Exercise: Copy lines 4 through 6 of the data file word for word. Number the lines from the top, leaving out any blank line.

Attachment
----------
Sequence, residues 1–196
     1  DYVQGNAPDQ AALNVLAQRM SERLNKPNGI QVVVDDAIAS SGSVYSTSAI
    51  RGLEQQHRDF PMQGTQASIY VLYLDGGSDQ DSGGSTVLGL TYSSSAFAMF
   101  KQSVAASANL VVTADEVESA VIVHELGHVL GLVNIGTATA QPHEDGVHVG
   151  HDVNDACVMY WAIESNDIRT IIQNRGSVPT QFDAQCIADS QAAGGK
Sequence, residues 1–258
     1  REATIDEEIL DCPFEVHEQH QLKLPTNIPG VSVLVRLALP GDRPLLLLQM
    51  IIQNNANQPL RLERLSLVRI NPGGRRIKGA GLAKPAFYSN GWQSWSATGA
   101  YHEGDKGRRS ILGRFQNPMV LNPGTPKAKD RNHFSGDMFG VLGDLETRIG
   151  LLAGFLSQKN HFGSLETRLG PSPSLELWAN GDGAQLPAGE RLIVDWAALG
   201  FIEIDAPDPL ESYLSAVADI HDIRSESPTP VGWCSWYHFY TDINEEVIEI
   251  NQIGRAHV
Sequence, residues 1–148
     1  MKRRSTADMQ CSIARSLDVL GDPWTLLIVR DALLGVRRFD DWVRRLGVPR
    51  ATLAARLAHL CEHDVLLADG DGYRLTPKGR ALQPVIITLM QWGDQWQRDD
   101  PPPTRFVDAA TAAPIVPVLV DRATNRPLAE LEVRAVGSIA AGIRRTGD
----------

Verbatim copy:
   101  KQSVAASANL VVTADEVESA VIVHELGHVL GLVNIGTATA QPHEDGVHVG
   151  HDVNDACVMY WAIESNDIRT IIQNRGSVPT QFDAQCIADS QAAGGK
Sequence, residues 1–258